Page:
WA House COG - Committee Meeting
(October 21, 2021)

Thursday October 21, 2021 9:00 AM - 12:00 PM Observed
Washington State House of Representatives Logo

The Washington State House Commerce and Gaming Committee (WA House COG) considers issues relating to the regulation of commerce in alcohol, tobacco and cannabis, as well as issues relating to the regulation and oversight of gaming, including tribal compacts.​

Work Session

  • Cannabis Regulatory Issues and Implementation of Recent Legislation

Observations

WSLCB leadership briefed the committee on “Cannabis Regulatory Issues and Implementation of Recent Legislation” after Gillian Schauer described delta-8-THC “health and safety risks.”

Here are some observations from the Thursday October 21st Washington State House Commerce and Gaming Committee (WA House COG) Committee Meeting.

My top 5 takeaways:

  • Cannabis Regulators Association (CANNRA) Executive Director Gillian Schauer, a former Washington State Liquor and Cannabis Board (WSLCB) contractor, informed legislators about delta-8-tetrahydrocannabinol (delta-8-THC) and other “novel cannabinoids” (audio - 12m, video, presentation).
    • Schauer gave a presentation on delta-8-THC to the Oregon State House General Government Committee on March 25th. She presented the opening keynote at the Public Health + Youth Prevention Marijuana Summit on September 28th.
    • Schauer told lawmakers she’d been asked by WSLCB leaders to provide “a bit of an A to Z about delta-8 and novel cannabinoids” in a presentation designed to “underscore the urgency of this issue in terms of consumer safety.” Making clear she was a public servant and didn’t “take any industry funding,” she stressed that she was offering her personal opinion and not the official position of any state or federal agency.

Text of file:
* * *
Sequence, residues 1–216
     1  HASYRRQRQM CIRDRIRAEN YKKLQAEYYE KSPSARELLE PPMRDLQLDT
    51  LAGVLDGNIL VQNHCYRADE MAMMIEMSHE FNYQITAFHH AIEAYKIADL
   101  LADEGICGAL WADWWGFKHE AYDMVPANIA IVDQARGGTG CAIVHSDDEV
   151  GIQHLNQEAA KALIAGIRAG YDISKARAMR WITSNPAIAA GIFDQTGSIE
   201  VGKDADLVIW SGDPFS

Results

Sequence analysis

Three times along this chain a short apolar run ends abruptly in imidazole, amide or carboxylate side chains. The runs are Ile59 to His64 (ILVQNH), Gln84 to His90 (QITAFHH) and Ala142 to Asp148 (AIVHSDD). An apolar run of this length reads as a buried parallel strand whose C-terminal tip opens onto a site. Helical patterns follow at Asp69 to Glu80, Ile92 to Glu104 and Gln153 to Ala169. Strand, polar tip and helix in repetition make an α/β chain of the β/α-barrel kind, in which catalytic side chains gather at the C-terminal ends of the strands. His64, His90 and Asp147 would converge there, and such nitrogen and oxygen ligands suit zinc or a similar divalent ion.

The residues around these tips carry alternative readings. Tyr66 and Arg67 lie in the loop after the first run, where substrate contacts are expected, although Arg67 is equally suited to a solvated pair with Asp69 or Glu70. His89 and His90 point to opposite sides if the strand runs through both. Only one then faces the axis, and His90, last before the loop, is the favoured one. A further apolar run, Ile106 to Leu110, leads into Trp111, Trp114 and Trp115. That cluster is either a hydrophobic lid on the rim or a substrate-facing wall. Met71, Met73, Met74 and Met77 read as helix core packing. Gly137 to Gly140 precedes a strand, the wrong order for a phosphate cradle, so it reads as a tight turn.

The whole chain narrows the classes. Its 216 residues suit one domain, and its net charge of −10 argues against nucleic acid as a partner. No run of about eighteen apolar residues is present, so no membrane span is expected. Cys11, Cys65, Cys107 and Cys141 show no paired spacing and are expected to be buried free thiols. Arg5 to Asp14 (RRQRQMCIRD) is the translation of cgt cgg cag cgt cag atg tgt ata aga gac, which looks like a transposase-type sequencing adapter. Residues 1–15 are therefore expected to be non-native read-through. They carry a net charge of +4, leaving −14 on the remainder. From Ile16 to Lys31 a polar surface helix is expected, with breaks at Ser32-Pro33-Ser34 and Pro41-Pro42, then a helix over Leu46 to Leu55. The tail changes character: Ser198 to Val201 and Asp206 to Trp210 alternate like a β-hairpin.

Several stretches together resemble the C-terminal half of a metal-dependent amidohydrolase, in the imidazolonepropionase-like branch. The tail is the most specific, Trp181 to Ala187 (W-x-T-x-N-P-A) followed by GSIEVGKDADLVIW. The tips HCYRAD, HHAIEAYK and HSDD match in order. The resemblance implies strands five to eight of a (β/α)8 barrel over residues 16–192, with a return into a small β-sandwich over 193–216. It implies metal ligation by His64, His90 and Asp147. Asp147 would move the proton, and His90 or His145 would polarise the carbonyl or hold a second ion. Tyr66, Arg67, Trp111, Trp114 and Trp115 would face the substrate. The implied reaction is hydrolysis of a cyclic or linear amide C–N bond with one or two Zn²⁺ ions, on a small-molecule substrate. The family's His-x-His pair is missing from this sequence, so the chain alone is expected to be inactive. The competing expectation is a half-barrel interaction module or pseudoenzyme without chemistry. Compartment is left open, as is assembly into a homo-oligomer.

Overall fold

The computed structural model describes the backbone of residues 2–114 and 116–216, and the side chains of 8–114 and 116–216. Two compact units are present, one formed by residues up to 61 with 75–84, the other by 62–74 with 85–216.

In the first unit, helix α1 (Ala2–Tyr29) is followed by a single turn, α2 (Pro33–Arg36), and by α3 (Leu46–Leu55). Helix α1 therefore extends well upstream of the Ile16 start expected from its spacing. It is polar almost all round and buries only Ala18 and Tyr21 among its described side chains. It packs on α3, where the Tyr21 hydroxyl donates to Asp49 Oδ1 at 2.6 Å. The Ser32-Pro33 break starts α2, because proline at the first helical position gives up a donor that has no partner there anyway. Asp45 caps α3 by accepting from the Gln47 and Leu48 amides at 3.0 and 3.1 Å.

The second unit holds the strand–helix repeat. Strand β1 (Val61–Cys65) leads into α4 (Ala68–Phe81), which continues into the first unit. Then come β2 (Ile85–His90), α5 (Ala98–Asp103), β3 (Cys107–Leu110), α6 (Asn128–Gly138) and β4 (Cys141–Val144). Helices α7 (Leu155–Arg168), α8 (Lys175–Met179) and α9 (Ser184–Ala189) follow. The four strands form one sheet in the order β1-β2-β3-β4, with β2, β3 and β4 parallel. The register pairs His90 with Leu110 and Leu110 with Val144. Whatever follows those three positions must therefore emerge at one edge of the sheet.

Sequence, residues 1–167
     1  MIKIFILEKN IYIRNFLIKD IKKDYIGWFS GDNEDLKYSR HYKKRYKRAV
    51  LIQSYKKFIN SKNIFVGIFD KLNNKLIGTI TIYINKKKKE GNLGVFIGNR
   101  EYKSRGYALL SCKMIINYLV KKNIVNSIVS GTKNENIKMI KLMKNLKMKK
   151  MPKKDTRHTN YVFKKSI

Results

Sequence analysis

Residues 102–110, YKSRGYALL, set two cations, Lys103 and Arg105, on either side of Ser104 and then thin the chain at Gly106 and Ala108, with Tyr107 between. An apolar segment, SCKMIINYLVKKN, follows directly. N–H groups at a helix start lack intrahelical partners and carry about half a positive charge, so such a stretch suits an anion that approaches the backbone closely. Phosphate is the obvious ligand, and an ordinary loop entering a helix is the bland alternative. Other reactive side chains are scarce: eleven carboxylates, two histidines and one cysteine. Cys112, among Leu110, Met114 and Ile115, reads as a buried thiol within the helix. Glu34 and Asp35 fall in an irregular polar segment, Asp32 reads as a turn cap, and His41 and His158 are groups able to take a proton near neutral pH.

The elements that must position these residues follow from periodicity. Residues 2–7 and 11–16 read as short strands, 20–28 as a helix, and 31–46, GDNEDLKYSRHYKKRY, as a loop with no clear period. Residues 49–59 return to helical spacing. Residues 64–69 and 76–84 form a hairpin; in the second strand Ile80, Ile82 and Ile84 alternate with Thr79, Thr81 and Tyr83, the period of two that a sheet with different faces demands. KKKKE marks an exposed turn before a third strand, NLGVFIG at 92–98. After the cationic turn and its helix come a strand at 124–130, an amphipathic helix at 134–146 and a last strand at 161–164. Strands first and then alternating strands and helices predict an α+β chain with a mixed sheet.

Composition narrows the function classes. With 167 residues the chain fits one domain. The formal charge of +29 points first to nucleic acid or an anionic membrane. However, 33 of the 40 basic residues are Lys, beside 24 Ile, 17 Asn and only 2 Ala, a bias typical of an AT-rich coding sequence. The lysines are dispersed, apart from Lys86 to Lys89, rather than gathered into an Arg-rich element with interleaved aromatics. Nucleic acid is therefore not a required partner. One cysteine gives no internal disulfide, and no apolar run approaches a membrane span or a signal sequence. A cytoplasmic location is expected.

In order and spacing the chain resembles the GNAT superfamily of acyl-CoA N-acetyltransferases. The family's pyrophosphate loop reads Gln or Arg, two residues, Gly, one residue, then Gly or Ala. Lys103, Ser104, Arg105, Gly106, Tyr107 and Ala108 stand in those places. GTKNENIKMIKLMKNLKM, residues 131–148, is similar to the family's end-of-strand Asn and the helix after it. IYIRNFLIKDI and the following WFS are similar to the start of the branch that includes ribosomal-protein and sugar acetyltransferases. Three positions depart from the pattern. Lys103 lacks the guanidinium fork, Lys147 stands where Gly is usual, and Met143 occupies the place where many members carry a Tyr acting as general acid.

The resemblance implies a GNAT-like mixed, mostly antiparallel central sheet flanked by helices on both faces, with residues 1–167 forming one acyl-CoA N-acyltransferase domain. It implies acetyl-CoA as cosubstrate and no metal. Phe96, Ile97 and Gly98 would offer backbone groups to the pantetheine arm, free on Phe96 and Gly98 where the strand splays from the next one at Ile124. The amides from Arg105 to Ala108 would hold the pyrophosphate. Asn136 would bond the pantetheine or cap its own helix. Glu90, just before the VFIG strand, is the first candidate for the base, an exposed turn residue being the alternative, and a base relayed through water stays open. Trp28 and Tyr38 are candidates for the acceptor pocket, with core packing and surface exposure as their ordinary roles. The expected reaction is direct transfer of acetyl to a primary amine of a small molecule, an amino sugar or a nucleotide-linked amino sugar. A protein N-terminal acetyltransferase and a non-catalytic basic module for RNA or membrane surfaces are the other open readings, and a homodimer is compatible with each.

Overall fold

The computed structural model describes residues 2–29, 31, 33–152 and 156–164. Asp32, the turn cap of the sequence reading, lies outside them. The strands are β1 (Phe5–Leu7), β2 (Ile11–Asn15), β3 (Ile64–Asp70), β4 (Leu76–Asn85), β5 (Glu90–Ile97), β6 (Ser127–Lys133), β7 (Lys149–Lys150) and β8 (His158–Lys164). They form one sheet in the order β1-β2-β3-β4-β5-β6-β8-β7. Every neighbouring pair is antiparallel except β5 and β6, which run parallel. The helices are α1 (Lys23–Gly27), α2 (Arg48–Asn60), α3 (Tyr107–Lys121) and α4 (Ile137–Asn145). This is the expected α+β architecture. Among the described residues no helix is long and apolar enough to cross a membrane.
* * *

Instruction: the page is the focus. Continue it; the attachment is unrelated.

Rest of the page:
• Schauer noted the “more than a hundred different cannabinoids,” inclusive of tetrahydrocannabinol (THC) and cannabidiol (CBD), and asserted that “until recently, if you were talking about ‘THC’ it could be reasonably assumed you were talking about delta-9-THC.” However, the “last year has been replete with media articles about delta-8-THC and other novel cannabinoids,” she explained. Schauer indicated that the THC isomers had “the same molecular formula but a different arrangement of the atoms,” and said the World Health Organization (WHO) estimated that delta-8-THC was “less potent than delta-9,” or, “about 50 to 75% as potent.”
      • Washington law regulated cannabis as a controlled substance “under the definition of THC in terms of delta-9-THC” much like other legal cannabis states, Schauer stated. The 2018 federal Farm Bill legalized hemp and CBD production, she said, causing “a plethora of CBD production throughout the country” as “any part of [hemp], including the seeds thereof and all derivatives, extracts, cannabinoids, isomers, acids, salts, and salts of isomers” were now legal, provided test results indicating “a delta-9-THC concentration of not more than 0.3% on a dry weight basis.” Schauer remarked that CBD could be “synthetically converted, using a chemical reaction, into delta-8, delta-9, or delta-10-[tetrahydrocannabinol] THC” involving “safe solvents or unsafe solvents...and acids” which could similarly be safe or unsafe for human consumption. The Farm Bill left isomers and novel cannabinoids found in hemp plants “in a gray area of legality largely outside of regulatory control at present,” she commented, and also “widely available online.”